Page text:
This summer, Icebreaker NZ came out with a new fabric called CoolLite. It is exactly as the name implies. Both the shirt and shorts use the lightweight fabric, which breathes exceptionally well – like synthetics, but they have the same feel as merino wool. I wore these while trekking when it got super hot.
For the last year, I’ve been wearing two different sets of prototype pullWool briefs. When I left for this trip though, I grabbed the old set and within a couple of weeks my balls broke through (these briefs have been through a lot.) Fortunately, I found a department store when I was in Kenya earlier this month – but I forgot my wallet, so my friend Solana bought me two new pairs of bamboo fiber briefs for 450 shillings ($4.50.) I don’t know what brand they are, but they work.
This is the nicest beanie I’ve ever owned. In fact, I didn’t know that there was such a thing as a “nice beanie,” but there is and this is it. The Classic Pom Hat is made from water-resistant wool, has a secret zippered security pocket, and is reversible for high visibility. It’s super warm. And it looks super cool. I love this hat.
Solana got this one for me at that department store in Kenya too. How could I go on a safari without a safari hat? That’s right. I couldn’t.
Camera & Computer Gear
Sony loaned this to me for review after I lost my 5D Mk II in Vietnam. It is a low-light beast, which makes it perfect for documentary photography. Bonus – it recharges from USB. Check out my full review on IndefinitelyWild.
It’s no secret how powerful and versatile these tiny cameras are. And that’s why they go with me everywhere. The 3-Way is most definitely my favorite GoPro accessory. It’s a selfie stick on steroids. The 3-way positionable arm gets the stick out of the shot; its handle floats. Unscrew the bottom cap and flip it around for an instant tripod, which is perfect for shooting timelapses or your non-selfie self.
Pro tip: if you’re not getting wet, ditch the waterproof housing for The Frame. It’s easier to use and offers better sound quality when recording.
I bought this computer as a cheap replacement after losing my Surface Pro 3 in Vietnam. And I’m regretting it daily.
This USB 3.0 drive can survive having a car driven over it. It’s drop-resistant. Water-resistant. All of those are good things when you’re lugging hundreds of gigabytes of invaluable data through the most rugged environments. Just don’t lose them in Vietnam…
I kind of hate this for a smartphone (filled with AT&T bloatware, terrible Android skin, camera is lacking), but I kind of love it as an electronic device. It’s super rugged. Scratchproof. Dustproof. Waterproof. That means I can listen to music in the shower without worrying about it getting wet. It’s global ready too, just make sure that it’s unlocked.
This quick-release plate is super handy for carrying your camera when it’s not in use, but you still need fast access.
All of that electronic shit needs recharging. That’s where the Venture 30 comes into play. It can charge up to five GoPro batteries before running out of juice; the Nomad 7 solar panel will recharge it with half a day of good light. It’s rated IPX6 too, so you don’t have to worry about getting it dirty or wet.
When you don’t have to camp out and cook, you don’t have to carry much.
You’ll be hard-pressed to find a warmer sleeping bag that only weighs two pounds. The Phantom 15 is stuffed with 800-fill Q-Shield water-resistant down, while a great internal baffle design keeps heat from escaping. It’s even got a little pocket inside for keeping your phone or batteries warm. Of course, temperature ratings are subjective – but I slept in this thing at high camp, 18,000’, before summiting Lobuche East.
Trekking poles help you hike faster, farther, and safer – so I always use ‘em, especially when carrying a heavy load. These carbon fiber, cork-handled poles are the best ones you can buy. Period. I’ve beat them up all over the world; they’re still going strong. Probably the single best outdoor gear purchase I’ve ever made.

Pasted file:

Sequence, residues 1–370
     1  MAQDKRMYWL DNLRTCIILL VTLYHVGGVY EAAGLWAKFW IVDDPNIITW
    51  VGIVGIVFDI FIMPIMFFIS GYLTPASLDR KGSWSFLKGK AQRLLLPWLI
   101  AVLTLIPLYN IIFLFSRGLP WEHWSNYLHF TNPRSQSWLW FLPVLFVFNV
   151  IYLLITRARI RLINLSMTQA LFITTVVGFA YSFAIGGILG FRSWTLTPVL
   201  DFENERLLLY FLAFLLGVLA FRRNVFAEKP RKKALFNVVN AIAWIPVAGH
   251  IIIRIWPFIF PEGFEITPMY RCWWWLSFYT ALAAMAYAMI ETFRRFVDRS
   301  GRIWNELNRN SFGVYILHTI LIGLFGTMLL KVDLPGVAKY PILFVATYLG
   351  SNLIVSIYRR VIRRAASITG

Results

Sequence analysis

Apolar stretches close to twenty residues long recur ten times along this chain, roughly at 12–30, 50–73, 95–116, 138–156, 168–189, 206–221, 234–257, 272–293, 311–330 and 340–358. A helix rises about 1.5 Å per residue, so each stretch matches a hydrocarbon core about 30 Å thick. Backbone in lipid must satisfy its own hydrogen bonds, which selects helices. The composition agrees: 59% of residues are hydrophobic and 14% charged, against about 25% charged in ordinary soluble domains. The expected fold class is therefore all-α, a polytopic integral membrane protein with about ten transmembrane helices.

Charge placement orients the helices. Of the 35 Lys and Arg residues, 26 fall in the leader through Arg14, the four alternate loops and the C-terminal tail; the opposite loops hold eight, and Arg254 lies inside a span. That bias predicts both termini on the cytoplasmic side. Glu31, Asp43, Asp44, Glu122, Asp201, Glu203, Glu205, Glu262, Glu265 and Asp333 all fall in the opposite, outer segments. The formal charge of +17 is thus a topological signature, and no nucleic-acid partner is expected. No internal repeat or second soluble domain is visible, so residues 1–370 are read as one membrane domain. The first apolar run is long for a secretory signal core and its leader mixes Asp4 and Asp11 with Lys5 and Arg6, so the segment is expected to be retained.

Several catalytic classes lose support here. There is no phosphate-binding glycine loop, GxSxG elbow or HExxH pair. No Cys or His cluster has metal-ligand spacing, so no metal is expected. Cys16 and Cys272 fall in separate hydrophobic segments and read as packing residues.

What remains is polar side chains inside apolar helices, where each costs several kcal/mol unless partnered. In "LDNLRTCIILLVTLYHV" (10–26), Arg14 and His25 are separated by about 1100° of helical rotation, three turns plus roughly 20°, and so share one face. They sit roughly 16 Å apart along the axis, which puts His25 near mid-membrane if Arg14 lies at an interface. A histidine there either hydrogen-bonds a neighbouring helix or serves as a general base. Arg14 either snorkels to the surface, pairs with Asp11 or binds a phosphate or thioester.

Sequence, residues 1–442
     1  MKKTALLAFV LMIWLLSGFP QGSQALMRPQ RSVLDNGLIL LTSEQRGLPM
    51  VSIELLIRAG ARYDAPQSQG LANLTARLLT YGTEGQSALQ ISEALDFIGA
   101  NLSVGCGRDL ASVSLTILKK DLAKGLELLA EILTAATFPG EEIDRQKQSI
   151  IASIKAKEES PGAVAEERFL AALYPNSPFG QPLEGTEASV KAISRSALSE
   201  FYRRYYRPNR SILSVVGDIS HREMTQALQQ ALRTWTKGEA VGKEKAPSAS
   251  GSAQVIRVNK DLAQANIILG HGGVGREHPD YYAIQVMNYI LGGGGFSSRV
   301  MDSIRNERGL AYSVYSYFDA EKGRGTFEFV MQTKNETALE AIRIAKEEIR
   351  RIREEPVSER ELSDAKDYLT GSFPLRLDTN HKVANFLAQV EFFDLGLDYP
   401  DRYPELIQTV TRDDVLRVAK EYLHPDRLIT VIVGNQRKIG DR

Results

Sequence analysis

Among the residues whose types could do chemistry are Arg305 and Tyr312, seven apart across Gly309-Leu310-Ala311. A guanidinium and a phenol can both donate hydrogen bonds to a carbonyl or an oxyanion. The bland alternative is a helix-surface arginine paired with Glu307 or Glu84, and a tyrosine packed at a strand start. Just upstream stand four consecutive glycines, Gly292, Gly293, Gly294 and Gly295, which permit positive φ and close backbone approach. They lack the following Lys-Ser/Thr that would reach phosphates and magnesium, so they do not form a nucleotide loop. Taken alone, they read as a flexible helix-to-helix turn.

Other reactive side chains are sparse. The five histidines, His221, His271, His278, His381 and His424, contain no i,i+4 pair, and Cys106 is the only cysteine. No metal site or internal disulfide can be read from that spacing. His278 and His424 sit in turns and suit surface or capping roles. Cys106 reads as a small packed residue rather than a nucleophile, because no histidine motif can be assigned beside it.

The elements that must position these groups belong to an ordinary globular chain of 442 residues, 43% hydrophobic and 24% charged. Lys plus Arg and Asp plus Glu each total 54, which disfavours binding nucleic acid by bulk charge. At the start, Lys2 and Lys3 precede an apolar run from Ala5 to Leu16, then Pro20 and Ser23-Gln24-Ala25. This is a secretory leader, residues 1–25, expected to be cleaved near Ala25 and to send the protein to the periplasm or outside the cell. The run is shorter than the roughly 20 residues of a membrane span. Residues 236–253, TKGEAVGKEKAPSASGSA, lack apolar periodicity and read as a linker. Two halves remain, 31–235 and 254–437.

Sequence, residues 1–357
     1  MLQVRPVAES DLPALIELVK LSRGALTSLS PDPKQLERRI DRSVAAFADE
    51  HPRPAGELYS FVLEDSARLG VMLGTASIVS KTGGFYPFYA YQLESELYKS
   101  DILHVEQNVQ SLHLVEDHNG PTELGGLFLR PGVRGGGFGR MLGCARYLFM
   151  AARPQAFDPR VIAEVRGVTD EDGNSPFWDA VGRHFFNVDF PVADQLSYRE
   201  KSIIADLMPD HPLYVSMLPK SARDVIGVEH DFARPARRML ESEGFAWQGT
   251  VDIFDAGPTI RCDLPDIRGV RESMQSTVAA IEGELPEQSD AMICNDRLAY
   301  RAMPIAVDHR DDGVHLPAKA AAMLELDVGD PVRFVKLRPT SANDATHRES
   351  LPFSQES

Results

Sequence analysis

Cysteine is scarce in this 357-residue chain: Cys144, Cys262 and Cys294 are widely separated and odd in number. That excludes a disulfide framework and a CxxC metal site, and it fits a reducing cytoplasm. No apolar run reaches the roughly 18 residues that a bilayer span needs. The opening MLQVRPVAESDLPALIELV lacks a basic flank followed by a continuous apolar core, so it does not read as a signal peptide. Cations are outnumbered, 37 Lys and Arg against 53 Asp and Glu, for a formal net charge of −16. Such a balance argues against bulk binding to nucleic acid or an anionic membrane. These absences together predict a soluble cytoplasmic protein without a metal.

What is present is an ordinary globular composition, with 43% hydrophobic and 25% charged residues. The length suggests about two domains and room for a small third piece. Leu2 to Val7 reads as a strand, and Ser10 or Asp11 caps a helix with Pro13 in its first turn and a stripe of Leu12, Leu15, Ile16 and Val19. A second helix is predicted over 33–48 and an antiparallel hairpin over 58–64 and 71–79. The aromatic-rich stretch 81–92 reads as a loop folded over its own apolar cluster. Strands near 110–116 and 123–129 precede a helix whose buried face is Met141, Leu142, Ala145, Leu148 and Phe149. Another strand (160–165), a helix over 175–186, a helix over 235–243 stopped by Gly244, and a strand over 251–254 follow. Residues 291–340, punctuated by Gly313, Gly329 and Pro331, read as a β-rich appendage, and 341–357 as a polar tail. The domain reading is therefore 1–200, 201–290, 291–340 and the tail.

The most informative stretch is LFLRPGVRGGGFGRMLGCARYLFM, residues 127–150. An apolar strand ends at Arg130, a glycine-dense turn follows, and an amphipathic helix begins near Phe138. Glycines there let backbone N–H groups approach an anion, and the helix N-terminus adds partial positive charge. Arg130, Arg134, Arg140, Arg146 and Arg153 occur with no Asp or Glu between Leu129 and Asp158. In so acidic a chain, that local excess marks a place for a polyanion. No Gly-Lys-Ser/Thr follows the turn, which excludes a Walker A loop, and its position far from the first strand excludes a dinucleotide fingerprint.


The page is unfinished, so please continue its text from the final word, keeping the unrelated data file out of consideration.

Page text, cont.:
A headlamp is absolutely necessary for keeping hands free while accomplishing tasks in the dark, whether it’s at camp or getting an alpine start. Most headlamps have different beam settings which are useful dependent upon the environment and task at hand. The 185 max-lumen Petzl Tikka R+ is smart enough to automatically distinguish them, however. Just read the manual before setting out with it.
Map – Don’t leave home without one
These items come with me everywhere, whether I’m in transit, around town, or on an adventure.
I always travel with a watch, it’s invaluable for keeping track of my life. The Ambit3 Peak helps me keep track of my elevation and route, incoming storms, and the time at home too. If I’m feeling extra nerdy, I’ll strap on the heartrate monitor to get those vital metrics.
These sunglasses were a gift from Jimmy Chin. They’ve got the best lenses available of any sunglasses, anywhere – and the frames border biker cool and hip old school.
My friend Wes is the editor over at IndefinitelyWild; he believes that you should carry a knife almost everywhere. I took his advice to heart and got this one by SOG. Its slim profile, low pocket clip, and assisted opening mechanism make it perfect for EDC. But mainly I open letters and make bacon.
This is more gear that I never leave home without.
Access to clean drinking water is crucial for our survival; access is especially relevant when traveling in developing nations. Instead of buying bottled water everywhere (which is expensive and bad for the environment), I carry the LifeStraw Go. While it’s not the lightest personal filtration system out there, I’ve never used one that’s more convenient. Its built-in particulate filter removes something like 99.99% of all waterborne pathogens, so you can be sure the water you’re drinking is safe.
First Aid Kit
A lot of people buy a preset first aid kit and call it a day. Those kits are convenient, but they are pretty generic too – resulting in a lot of wasted space and weight. I put together a little custom kit instead, using a small HMG stuff sack as a container. My kit has bandaids, Moleskin, athletic tape, anti-diarrheal, disinfectant wipes, a few larger bandages, crazy glue, and a shitload of ibuprofen. I’m no trained medic; if that stuff won’t fix me, I’m gonna go see a doc.
Getting sick sucks. Getting sick abroad sucks even more. You can’t always find soap and water after you shit, so carry Purell. I keep a little pump bottle on me all the time, then buy a bigger one whenever I need to refill.
There’s nothing better than kicking off a day in the Himalayas with some high-altitude, nootropic-infused Kimera Koffee. I drink mine out of this custom Snow Peak single-wall titanium mug – and brew it with a lightweight coffee helix by Soto Outdoors.
Thanks for letting me share my kit!